ANAHEIM, CALIF. — The ease with which composite golf clubs can be made became evident at an unusual hands-on demonstration during the Society for the Advancement of Material and Process Engineering exposition in Anaheim.
Individuals paid a $35 fee and made their own handcrafted putters, said Bill Allen, principal of Production Composite Materials Inc. of Bermuda Dunes, Calif.
Other SAMPE volunteers provided guidance and instruction through each step of the process at the 600-square-foot exhibit booth, according to coordinator Michael Kramer, program manager of Tolo Inc. in Irvine, Calif.
The demonstration sought to eliminate the image of composite materials as ``black art,'' said Robert Basso, president of equipment maker and turnkey factory supplier Century Design Inc. of San Diego.
``We want to show it is elementary'' for people to operate the equipment, he said.
Century Design set up production equipment worth about $60,000, and Lynco Grinding Co. Inc. of Bell Gardens, Calif., supplied tapered mandrels. Basso said the setup could make 1,000 shafts in a work shift with an ``almost instantaneous pay-back on equipment.''
Wayne Hogarth, Lynco president, said, ``Aerospace people know about filament winding, but they don't know about the table rolling method that has been around for years.''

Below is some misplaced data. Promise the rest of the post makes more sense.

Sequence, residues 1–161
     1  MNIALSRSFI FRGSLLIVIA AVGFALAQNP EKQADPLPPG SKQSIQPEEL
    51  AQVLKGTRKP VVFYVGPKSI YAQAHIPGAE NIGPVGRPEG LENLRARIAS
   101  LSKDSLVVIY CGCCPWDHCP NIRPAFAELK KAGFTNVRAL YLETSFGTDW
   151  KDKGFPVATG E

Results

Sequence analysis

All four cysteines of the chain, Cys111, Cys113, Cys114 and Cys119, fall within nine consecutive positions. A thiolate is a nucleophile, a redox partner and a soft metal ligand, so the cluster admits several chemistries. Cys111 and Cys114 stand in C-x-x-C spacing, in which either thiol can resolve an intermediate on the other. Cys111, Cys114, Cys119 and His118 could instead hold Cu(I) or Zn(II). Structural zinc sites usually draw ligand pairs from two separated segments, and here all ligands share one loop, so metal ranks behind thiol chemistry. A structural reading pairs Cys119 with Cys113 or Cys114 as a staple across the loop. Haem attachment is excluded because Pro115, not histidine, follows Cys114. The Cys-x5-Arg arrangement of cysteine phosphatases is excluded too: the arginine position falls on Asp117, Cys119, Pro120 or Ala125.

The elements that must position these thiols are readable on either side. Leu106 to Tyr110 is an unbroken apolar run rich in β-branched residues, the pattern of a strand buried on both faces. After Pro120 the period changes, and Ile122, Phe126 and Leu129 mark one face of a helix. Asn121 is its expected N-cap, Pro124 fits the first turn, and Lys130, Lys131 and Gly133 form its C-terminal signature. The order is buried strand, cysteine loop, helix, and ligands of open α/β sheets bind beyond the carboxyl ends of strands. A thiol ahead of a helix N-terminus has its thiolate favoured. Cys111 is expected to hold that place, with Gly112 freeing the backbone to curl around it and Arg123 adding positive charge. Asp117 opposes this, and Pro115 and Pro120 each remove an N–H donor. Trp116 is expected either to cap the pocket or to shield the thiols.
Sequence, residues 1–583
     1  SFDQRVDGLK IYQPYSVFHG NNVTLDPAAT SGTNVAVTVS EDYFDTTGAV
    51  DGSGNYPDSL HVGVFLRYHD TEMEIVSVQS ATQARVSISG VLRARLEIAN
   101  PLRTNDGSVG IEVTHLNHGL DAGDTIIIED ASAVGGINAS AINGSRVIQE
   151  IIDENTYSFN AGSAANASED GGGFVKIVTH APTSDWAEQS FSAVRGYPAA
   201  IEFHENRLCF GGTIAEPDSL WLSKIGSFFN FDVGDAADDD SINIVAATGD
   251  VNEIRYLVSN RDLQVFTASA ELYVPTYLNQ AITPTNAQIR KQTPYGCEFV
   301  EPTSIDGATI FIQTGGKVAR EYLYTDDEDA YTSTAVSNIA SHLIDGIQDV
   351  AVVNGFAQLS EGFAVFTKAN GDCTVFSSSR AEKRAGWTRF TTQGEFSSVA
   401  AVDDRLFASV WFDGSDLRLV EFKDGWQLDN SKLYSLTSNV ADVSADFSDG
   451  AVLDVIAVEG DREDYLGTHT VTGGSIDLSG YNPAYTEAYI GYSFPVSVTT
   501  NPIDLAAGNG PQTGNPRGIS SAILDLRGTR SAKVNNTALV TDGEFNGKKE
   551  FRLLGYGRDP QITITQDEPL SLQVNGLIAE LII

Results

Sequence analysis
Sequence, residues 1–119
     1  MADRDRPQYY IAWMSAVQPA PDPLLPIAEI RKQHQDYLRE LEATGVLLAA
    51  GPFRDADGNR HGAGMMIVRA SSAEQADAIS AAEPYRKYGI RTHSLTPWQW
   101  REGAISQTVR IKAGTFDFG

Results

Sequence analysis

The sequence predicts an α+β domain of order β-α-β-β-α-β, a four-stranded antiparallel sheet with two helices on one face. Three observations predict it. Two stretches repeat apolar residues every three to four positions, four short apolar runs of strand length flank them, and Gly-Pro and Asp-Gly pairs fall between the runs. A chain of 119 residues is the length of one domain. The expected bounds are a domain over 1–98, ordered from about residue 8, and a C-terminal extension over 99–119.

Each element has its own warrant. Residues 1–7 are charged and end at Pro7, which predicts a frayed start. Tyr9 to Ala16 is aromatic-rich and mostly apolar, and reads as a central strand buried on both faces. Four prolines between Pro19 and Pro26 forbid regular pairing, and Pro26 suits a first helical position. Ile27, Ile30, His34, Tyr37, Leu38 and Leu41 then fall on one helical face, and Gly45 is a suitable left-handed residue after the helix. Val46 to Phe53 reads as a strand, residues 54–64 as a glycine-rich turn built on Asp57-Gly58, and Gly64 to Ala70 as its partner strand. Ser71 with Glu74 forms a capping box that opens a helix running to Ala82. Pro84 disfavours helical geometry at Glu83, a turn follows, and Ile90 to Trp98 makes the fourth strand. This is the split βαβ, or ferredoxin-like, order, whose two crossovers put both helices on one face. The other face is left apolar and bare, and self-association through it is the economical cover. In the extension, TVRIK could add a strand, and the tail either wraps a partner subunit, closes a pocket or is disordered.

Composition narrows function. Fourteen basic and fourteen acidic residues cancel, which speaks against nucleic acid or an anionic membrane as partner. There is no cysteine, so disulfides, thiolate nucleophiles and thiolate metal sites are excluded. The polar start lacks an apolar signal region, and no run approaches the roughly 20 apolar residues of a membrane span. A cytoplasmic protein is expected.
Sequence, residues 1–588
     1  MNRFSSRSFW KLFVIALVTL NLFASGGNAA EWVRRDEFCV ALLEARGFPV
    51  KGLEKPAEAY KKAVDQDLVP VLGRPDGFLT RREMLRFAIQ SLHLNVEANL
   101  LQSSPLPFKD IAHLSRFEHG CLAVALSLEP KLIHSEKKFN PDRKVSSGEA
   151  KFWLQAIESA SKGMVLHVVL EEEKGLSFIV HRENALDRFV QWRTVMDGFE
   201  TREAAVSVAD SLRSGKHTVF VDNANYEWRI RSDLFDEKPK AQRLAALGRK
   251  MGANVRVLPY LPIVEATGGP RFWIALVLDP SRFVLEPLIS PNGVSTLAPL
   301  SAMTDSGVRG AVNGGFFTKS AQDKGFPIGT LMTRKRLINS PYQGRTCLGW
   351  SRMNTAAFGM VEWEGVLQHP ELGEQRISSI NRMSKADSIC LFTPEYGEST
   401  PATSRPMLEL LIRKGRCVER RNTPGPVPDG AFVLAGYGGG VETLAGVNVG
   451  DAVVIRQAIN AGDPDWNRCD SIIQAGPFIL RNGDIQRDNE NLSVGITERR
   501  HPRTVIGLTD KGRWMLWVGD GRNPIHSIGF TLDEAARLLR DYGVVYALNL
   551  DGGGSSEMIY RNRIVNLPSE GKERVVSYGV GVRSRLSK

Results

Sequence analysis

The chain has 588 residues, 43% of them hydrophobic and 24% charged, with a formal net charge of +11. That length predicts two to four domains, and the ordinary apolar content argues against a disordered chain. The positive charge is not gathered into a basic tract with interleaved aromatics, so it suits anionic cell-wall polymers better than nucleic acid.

Hogarth instructs on the method at Cerritos College's Composites Technology Center in Norwalk, Calif.
About 350 participants tacked carbon fiber preimpregnated with 35 percent epoxy resin onto a mandrel, activated a rolling table to apply heat and pressure and debulked the piece with a shrink film wrapper. Batches were oven-cured for an hour at 275§ F, mandrels were extracted on a pneumatic machine and participants removed the shrink film wrapper. Trimming, bonding the head and adding a grip yielded a finished putter.
The material was donated by Bryte Technologies Inc. of San Jose, Calif., Advanced Composites Group Inc. of Tulsa, Okla., and Newport Adhesives & Composites Inc. of Irvine, Calif. Cutting Edge Inc. of Marblehead, Mass., and Eastman Worldwide of Buffalo, N.Y., cut the prepreg patterns on machines in their SAMPE exhibits.
Lord Corp. of Cary, N.C.; E.V. Roberts & Associates Inc. of Culver City, Calif.; Loctite Corp. of Rocky Hill, Conn.; and Ciba Specialty Chemicals Corp. of Brewster, N.Y., provided fast-curing adhesives.